Most of the debris investigators were looking at was located within a few hundred feet of the impact crater. However, some parts of the plane were found about a mile away.

"We also found part of one wing and part of one aileron almost a mile further west from the main wreckage impact crater," Latson said.

That is consistent with what Chase Chambers told KAKE News he witnessed Friday morning. He said he saw the wing and plane falling separately, with a white smoke trail coming from the plane.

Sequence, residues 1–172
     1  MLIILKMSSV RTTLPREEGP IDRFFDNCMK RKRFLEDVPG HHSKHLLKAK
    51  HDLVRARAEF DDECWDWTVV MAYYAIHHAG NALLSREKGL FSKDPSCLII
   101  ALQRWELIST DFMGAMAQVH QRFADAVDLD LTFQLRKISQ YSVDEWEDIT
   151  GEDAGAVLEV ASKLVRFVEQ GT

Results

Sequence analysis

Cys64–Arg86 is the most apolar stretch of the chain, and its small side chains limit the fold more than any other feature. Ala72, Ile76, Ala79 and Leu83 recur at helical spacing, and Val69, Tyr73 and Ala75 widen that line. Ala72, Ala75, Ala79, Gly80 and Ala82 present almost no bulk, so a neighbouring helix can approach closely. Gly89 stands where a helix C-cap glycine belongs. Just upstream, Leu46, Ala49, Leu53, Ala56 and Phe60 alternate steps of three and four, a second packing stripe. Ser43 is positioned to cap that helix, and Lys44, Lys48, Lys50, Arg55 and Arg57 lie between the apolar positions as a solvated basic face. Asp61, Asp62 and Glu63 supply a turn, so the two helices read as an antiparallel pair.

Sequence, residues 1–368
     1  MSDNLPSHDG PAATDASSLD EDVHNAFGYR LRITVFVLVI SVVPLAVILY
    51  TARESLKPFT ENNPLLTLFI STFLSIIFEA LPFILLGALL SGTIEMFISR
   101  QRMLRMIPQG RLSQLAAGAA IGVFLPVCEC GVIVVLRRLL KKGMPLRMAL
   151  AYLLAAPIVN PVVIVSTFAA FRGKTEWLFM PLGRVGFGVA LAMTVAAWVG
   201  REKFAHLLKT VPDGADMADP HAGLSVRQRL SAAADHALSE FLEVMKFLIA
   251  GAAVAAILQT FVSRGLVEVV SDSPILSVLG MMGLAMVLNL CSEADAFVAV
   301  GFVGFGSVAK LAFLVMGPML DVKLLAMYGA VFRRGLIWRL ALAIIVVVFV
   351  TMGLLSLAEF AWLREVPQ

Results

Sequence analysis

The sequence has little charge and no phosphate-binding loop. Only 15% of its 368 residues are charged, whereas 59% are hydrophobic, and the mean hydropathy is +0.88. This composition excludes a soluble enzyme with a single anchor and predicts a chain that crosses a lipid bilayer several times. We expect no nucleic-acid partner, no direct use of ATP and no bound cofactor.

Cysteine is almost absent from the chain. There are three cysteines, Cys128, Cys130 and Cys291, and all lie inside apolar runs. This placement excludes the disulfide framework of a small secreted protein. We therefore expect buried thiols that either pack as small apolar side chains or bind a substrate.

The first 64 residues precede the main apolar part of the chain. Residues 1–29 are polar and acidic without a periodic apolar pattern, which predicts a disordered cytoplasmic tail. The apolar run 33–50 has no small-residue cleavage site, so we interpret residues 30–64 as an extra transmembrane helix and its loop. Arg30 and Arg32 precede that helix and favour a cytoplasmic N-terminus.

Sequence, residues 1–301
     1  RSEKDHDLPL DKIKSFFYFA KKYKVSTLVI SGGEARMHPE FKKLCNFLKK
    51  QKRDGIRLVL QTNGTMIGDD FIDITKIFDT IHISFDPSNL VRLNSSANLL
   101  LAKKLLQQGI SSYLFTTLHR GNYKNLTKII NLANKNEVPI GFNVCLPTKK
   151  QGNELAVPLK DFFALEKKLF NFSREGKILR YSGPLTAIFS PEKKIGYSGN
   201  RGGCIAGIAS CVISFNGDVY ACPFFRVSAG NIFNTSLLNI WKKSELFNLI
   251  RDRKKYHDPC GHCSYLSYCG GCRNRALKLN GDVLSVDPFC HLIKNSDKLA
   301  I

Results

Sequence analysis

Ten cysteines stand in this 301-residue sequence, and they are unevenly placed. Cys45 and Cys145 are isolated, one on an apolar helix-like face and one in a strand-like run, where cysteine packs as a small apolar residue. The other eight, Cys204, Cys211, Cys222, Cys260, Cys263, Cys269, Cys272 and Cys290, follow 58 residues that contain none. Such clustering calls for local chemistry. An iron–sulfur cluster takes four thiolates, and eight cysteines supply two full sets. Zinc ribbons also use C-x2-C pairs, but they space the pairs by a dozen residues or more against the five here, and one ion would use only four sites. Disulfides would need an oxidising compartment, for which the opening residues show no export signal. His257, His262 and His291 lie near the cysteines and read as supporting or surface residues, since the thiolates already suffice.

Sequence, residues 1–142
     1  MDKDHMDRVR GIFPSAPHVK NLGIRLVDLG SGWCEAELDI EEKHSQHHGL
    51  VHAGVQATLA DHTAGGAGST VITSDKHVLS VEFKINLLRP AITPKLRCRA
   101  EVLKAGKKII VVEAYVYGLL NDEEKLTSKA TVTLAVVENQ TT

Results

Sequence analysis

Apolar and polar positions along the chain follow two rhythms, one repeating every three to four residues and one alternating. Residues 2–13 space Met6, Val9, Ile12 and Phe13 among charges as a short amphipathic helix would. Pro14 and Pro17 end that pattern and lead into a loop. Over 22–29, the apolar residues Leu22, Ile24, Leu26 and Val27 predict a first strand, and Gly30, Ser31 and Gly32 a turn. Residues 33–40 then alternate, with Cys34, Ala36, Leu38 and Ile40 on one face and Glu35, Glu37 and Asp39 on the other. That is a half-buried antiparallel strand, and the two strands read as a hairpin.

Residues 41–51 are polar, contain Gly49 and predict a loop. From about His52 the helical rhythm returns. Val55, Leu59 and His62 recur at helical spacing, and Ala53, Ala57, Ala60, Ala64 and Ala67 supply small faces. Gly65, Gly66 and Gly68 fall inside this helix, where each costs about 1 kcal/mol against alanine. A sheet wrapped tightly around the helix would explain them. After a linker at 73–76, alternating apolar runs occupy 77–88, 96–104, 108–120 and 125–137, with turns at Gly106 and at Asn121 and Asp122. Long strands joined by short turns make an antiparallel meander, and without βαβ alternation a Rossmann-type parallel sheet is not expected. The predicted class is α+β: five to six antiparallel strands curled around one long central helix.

The debris will be removed from the field beginning about noon Sunday and will be taken to Dallas. Latson said close inspection of those parts will likely be the only way to determine what went wrong.

"I don't know yet, but I don't expect to find a cockpit voice recorder or a flight data recorder on the aircraft, nor do I think those are required on this aircraft," Latson said.

A preliminary report on the investigation should be released in about a week. The full investigation and the determination of what likely caused the crash could take up to a year to complete.

Story and Video:  http://www.kake.com